Lake Springfield is a 4,000-acre artificial lake constructed by the city of Springfield in the early 1930s. The lake first reached full pool (560 feet above sea level) on May 2, 1935; it was dedicated in a three-day-long celebration in July 1935.
The effort to build the lake was led by longtime city Utilities Com. Willis J. Spaulding. His track record for honest, capable administration helped persuade voters in 1930 to approve a bond issue to pay part of the lake’s cost. (Spaulding Dam is named after the commissioner, who oversaw Springfield’s electric and water departments from 1909 until 1943.) In the end, however, federal relief programs such as the Works Progress Administration paid much of the lake’s $5.64 million cost.
Most of those who owned land needed for the lake were willing sellers — thanks partly to the Great Depression — but not all. Leander Shoup had to be “escorted from his land by the sheriff and ten deputies,” according to a City Water, Light and Power history of the lake.
Three water sources originally were considered for construction of the lake — the Sangamon River, the South Fork of the Sangamon and the Sugar Creek valley. Engineers determined that Sugar Creek was the most economical option.
The lake’s watershed takes in 265 square miles, or 170,000 acres, mostly in farmland. When built, Lake Springfield had capacity to hold more than 20 billion gallons of water, although sedimentation has reduced that amount over the years (to an estimated 16.7 billion gallons in 2004).
The lake has undergone both drought and flood over the past 80 years. The worst drought, which lasted from 1952 to 1955, drew the lake down 12.5 feet below full pool, reducing its water storage to 7.4 billion gallons and threatening operations of both the power plant complex and the water treatment plant. That prompted construction of an emergency connection to the South Fork to supplement the lake.
The 1950s drought also led to plans to build a second lake as a long-term backup water source. Nearly all the land for Lake II (later named Hunter Lake, after former utilities commissioner John Hunter) had been purchased by the early 21st century. However, bureaucratic hurdles and continuing public doubt about the need for the new lake left it unbuilt as of 2013.
CWLP began to test raw lake water for bacteria in 1999, after 350 lake users contracted leptospirosis following the 1998 Ironhorse Triathlon. The source of the bacteria was never determined.
More than 700 residences, built on land leased from City Water, Light and Power, line portions of the lake shoreline. However, more than half of the marginal land remains public, used for parks, a wildlife sanctuary, Lincoln Memorial Garden, Lincoln Greens Golf Course, Henson Robinson Zoo, the Springfield Muni Opera, a marina and a number of clubs and camps.
More information: See the pamphlet CWLP published as part of the lake’s 75th anniversary in 2010.
Original content copyright Sangamon County Historical Society. You are free to republish this content as long as credit is given to the Society.
Lake Springfield and Hunter Lake are in fact “Critical Infrastructure” for the next generation of the Springfield population, just as Lake Springfield was critical infrastructure to the Baby Boom generation. The Great generation built Lake Springfield . They understood that you build for future generations, not for your own. Lake Springfield was a gift from them to us, Baby Boomers.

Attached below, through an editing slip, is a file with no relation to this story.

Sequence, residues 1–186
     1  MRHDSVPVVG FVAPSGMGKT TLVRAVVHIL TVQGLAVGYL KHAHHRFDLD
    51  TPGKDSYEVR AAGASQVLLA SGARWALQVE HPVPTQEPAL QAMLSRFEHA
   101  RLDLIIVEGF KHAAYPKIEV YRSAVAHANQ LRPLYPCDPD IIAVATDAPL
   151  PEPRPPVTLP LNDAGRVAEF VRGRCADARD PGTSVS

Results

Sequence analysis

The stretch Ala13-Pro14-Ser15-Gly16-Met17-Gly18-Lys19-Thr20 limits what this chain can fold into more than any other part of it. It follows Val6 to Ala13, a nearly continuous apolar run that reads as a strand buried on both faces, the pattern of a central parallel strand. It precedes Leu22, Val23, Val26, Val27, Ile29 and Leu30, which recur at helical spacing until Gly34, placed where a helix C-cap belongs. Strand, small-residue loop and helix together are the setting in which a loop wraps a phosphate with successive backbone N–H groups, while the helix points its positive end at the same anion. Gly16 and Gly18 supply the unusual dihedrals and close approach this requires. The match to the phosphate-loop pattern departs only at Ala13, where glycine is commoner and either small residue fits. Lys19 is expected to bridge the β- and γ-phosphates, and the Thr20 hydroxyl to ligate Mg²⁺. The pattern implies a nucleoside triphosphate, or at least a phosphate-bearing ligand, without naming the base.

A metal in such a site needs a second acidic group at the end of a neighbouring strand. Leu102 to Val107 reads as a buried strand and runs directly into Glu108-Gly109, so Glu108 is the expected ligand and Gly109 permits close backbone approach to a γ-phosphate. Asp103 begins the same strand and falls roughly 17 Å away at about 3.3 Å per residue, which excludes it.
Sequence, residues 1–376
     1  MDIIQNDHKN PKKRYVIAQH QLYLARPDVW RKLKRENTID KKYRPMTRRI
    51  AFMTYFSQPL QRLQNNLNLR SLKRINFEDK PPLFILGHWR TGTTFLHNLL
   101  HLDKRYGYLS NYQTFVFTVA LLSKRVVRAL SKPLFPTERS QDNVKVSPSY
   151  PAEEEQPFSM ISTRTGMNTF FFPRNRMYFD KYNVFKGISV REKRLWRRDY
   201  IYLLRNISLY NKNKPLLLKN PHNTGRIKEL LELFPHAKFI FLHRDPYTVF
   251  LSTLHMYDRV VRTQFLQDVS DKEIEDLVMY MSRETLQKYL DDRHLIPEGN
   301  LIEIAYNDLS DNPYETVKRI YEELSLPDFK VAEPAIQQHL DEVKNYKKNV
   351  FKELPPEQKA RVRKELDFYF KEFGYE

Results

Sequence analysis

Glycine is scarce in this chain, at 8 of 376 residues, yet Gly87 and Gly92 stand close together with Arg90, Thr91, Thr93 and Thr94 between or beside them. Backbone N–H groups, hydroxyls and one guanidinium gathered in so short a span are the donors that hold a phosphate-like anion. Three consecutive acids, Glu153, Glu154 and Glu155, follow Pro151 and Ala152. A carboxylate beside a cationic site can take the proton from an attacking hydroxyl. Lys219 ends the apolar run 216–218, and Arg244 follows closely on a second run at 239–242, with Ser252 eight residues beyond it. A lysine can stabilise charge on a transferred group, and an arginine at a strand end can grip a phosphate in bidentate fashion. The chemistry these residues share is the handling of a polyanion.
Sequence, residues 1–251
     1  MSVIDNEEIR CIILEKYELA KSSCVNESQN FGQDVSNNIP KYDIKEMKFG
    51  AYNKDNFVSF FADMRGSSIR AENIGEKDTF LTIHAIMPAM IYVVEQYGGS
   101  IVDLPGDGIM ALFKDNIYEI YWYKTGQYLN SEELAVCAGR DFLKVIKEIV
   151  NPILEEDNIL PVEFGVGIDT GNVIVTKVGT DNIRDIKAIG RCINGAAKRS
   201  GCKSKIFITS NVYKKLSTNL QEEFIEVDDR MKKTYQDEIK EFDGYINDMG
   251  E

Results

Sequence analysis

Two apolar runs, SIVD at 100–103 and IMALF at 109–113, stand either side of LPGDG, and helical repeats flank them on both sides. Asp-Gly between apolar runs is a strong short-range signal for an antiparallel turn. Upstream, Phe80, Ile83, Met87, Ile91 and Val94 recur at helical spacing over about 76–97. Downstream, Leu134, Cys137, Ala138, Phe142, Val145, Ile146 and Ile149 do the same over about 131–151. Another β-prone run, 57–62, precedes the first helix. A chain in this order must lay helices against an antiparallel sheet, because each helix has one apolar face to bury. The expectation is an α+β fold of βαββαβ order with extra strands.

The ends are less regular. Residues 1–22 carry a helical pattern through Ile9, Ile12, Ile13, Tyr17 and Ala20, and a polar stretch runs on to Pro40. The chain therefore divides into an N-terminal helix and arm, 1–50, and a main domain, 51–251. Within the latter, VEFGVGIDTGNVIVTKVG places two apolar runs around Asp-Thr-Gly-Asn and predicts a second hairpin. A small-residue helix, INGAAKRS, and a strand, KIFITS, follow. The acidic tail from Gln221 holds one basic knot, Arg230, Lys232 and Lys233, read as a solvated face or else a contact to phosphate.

Springfield needs both lakes to ensure the future of our water supply, electricity, recreation opportunities and habitat for nature and wildlife.
The water source for Lake Springfield “Lick and Sugar Creeks” will dry up in a prolonged evitable drought that climate change will create, just as it did in the 1952 to 55 drought. A picture is worth a thousand words – See link below.
Lake Springfield | SangamonLink (sangamoncountyhistory.org).
Lake 2 (Hunter Lake) needs to become the back up water source for the Springfield water supply and critical water for the Power plants that provide electricity for this “State Capital” city .
Lake 2 (Hunter lake) should be a no wake lake dedicated to fishing, recreation , paddle craft, hiking, biking, swimming, camping, picnicking nature and wildlife, etc. Boat motors should be restricted to 50 Horsepower. Increasing the recreational opportunities provided by Hunter Lake will relieve pressure on lake Springfield
Hunter Lake should not become a habitat for the wealthy or, a money maker for Relators, the City or a political playing card. It should be protected through State Legislation and City Policy.
Thank you, I appreciate the opportunity to comment.
Paul Mike Troesch
2237 Warson Rd.
52 year member of Iron Workers, local # 46, Retired
Lifelong resident since 1946
PS I spent 52 years helping build and have worked on the CWLP power houses, conveyors , water facilities and spillwayr of Spalding Damn. This year I am fishing Lake Decatur because it has been dredged and appears cleaner even though it’s water source is the Sangamon River. What will we leave to our grandchildren? Climate Change? Drought? Brownouts? Rationing?
Do you have any information or pictures of the cottages used by the workers who were building the lake? We used to drive around the lake to look at them and I can’t find any pictures. I can’t remember what they were called.
Jill: Robert Mazrim and Curtis Mann included two photos, one outside and one inside, of one of the cottages (I think after it had been remodeled somewhat) in their 2021 book, “Lake Springfield in Illinois.” The photos are on page 47. If you don’t have access to the book, you can contact Curt at the Sangamon Valley Collection at Lincoln Library: 217-753-4900, ext. 5634. And thanks for reading.